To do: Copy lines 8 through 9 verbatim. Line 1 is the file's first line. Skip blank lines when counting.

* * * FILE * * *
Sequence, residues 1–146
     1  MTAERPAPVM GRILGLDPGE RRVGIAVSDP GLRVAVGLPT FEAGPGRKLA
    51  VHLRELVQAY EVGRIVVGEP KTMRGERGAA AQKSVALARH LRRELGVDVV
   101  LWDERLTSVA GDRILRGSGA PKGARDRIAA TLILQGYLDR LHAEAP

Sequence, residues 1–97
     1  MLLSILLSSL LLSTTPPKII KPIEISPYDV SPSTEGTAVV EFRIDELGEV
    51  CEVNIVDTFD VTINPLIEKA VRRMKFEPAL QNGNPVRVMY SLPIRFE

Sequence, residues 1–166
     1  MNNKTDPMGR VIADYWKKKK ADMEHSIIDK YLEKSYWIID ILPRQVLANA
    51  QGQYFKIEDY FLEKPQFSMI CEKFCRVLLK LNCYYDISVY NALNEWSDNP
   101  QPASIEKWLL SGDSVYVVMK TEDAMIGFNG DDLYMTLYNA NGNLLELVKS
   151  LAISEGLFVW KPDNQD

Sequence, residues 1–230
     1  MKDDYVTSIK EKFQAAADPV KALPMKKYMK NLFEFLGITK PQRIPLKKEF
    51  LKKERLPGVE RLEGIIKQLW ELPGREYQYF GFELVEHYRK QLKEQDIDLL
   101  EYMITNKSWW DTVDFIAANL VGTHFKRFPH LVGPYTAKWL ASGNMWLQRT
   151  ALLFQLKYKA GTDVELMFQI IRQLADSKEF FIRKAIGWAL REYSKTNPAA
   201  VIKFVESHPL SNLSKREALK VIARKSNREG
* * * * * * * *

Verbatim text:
Sequence, residues 1–166
     1  MNNKTDPMGR VIADYWKKKK ADMEHSIIDK YLEKSYWIID ILPRQVLANA